38. Exception processing: Control transfer Contd. exception-handler: mfc0 $k0, $cause mfc0 $k1, $EPC sw $k0, -4($sp) sw $k1, -8($sp) sw $t0, -12($sp) addi $sp, $sp, -12 mfc0 $t0, $status ori $t0, $t0, 0x1 mtc0 $status, $t0 andi $k0, $k0, 0x3c beq $k0, $zero, interrupt --- --- exception-handler() { /* keep the interrupts disabled */ (1) save EPC, cause, status regs on system stack. (2) enable interrupts. (3) decode cause and call appropriate ISP. }

  39. RI=1: recoverable Machine State Register (MSR) 0 EE PR 0 IP IR DR 0 0 RI LE IP=0: exception Vector table Starts at 0x000 else 0xfff PR=0: supervisor =1: user EE=ext. interrupt enable =0: disable =1:enable LE=0 Big-endian Exception processing: Control transfer PPC

  40. Machine Status Save/Restore Register 0 (SRR0) PC saved here Machine Status Save/Restore Register 1 (SRR1) Exception specific info Save MSR bits 0000 000000 1-4 10-15 E E P R I P R I L E MSR PPC Exception Registers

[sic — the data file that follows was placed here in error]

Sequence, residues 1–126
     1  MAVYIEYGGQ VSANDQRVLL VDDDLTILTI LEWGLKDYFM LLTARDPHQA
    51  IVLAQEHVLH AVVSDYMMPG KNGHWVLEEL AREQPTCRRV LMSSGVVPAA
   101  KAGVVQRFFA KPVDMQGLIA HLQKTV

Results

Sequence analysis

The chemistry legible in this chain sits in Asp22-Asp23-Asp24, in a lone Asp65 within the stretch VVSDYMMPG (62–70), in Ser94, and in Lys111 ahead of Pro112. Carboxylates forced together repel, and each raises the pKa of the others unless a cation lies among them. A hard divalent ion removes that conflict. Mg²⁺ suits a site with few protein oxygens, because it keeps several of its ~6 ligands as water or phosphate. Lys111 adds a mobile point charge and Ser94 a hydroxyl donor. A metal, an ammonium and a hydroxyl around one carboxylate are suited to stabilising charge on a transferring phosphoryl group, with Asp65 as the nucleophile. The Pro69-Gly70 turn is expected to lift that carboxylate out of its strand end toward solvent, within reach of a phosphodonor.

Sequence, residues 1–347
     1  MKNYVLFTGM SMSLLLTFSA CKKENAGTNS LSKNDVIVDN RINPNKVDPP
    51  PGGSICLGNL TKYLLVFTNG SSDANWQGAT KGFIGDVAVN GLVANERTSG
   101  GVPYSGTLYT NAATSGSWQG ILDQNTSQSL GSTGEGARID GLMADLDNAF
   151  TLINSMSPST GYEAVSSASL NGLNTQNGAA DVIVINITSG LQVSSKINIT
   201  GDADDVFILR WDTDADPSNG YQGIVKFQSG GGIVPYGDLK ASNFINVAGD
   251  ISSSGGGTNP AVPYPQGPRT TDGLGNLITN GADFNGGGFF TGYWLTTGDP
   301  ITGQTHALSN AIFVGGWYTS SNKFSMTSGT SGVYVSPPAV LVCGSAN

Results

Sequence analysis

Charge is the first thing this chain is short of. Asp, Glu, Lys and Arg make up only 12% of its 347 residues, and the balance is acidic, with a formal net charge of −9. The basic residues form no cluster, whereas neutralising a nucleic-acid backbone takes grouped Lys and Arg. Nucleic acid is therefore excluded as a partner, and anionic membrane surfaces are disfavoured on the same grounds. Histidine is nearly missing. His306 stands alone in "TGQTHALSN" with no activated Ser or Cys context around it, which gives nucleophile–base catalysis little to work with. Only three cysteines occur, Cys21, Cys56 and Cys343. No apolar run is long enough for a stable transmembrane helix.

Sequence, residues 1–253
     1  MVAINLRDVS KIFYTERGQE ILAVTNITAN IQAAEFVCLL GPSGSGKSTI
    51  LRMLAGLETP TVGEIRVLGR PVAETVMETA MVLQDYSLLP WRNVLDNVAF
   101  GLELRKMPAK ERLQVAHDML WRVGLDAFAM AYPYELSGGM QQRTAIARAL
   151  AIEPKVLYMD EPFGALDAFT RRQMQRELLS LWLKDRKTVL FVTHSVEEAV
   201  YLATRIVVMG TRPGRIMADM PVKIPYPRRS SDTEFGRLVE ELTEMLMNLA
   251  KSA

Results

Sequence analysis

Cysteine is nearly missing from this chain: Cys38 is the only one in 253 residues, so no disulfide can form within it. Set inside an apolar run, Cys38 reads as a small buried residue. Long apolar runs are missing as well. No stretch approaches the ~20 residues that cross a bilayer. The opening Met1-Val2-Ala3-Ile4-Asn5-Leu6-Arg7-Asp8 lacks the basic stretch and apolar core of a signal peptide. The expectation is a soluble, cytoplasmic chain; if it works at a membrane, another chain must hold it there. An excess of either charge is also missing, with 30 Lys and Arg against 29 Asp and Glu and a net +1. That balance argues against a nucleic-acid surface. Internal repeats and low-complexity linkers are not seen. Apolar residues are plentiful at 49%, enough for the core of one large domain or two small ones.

41. On an exception: IL E E E P R I P R I L E 0 0 0 MSR PPC Exception Registers mtspr SRR0, r2: r2  SRR0 mfspr r3, SRR1: SRR1  r3 mtmsr r2: r2  MSR mfmsr r3: MSR  r3 Each exception handler must save SRR0, SRR1, and MSR before enabling exceptions (EE=1).

  42. PPC Exception Priorities Non-maskable, asynchronous: Priority 1: System reset Priority 2: Machine check Synchronous, maskable: instruction dependent ones such as alignment, FP: Priority 3, 4. Asynchronous, maskable: external interrupt (priority 5) decrementer (priority 6).

  43. K/U K/U K/U I.E. I.E. I.E. Exception processing: resume Need to return from the exception handler to the interrupted program. Should we just use jr EPC? A special instruction: rfe return from exception. only restores the status register. EPC  PC: need to use jr explicitly.